Most business models go a little something like this:
A person sees a need or gap in an industry, creates a product to meet that need or gap, and finds a producer who is able to help them bring their product to the market.
We do things a little backward.
When we started Store of Hope, we wanted to create work for skilled artisans around the world who did't have a place to work. Our starting point was the producer, not the product. Instead of looking for needs or gaps in a certain industry, we began looking for needs and gaps in humanity. Our hearts settled on Nepal, and we began forming relationships with artisans there with whom we could begin creating products.
The people of Nepal have a strong tradition in working with Cashmere and are highly skilled in it. Because of this, producing Cashmere products seemed like a natural place to start and so we began working together to combine their skill and our designs. Working closely with small-scale producers also allows for a quality that is simply impossible to duplicate in mass production, and we know exactly how and where our products are made.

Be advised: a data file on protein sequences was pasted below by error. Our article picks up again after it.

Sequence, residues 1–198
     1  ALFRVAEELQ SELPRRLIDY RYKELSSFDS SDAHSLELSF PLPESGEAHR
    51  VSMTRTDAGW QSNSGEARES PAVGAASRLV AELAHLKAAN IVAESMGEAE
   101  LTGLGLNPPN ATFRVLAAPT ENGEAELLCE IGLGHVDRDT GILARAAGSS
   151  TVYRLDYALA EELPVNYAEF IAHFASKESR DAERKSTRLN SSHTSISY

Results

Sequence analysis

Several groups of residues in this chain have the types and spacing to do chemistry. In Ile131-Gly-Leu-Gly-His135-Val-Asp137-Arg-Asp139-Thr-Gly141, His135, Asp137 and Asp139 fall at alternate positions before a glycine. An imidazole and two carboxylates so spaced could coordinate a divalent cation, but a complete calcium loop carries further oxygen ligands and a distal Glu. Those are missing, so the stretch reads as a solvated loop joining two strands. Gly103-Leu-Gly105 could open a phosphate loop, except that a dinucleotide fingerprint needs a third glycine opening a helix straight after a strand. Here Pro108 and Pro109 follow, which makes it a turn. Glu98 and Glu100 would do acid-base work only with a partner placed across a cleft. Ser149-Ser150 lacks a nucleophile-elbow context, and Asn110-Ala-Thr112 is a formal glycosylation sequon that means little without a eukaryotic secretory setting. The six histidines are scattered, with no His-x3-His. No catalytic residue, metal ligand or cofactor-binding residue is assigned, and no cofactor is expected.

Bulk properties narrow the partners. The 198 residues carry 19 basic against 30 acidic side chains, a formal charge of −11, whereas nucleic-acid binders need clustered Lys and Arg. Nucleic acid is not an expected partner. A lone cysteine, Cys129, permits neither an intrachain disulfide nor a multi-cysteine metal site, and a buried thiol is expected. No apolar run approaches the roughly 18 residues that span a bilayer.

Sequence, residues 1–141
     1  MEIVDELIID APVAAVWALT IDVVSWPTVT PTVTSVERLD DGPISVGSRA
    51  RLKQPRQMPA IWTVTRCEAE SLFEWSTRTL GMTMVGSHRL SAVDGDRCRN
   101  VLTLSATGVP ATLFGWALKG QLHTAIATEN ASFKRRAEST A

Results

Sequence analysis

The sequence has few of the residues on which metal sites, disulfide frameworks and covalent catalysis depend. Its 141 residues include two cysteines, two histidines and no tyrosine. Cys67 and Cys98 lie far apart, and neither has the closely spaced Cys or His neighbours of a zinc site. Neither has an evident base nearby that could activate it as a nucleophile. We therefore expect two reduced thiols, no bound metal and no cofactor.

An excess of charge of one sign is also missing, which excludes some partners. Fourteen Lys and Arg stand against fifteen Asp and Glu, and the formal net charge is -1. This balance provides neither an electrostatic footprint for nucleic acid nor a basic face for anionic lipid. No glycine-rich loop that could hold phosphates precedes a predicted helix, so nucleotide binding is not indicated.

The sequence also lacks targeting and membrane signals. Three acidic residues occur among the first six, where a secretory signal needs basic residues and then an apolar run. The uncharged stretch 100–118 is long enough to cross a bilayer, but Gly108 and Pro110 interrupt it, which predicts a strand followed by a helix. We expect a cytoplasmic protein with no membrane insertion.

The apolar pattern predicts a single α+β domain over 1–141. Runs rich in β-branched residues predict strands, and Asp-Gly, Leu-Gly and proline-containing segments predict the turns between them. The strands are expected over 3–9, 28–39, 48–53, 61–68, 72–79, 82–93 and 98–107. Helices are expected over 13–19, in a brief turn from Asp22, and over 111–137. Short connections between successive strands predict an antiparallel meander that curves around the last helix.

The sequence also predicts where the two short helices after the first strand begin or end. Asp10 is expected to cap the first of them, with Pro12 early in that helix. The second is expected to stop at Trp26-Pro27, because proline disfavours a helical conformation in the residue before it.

We don’t yet have Fair Trade certification on our own products (but if you are looking for some, check out the People Tree collection) – getting to that point requires a lot of paper work and building the company infrastructure of our producers in an entirely different way. But don't worry! Even though we don't have the certificate yet, we are implementing a lot of the requirements in our production such as fair working conditions, fair pay and freedom of speak to name a few. It’s going to take time and a whole lot of work for us to be able to use the Fair Trade certificate, but achieving this standard for the production is our dream and we are working towards it every day.
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We do things a little backward - There is a lot of talk about sustainability in the sense of ecological production and consumption. That is great, but what about us? The people who live on this planet. We talk about respecting others but somehow this is all forgotten in fashion industry. Shouldn't we just treat other people always with respect? Meet Pariyar, the true embodiment of what Store of Hope is all about - fairly made fashion.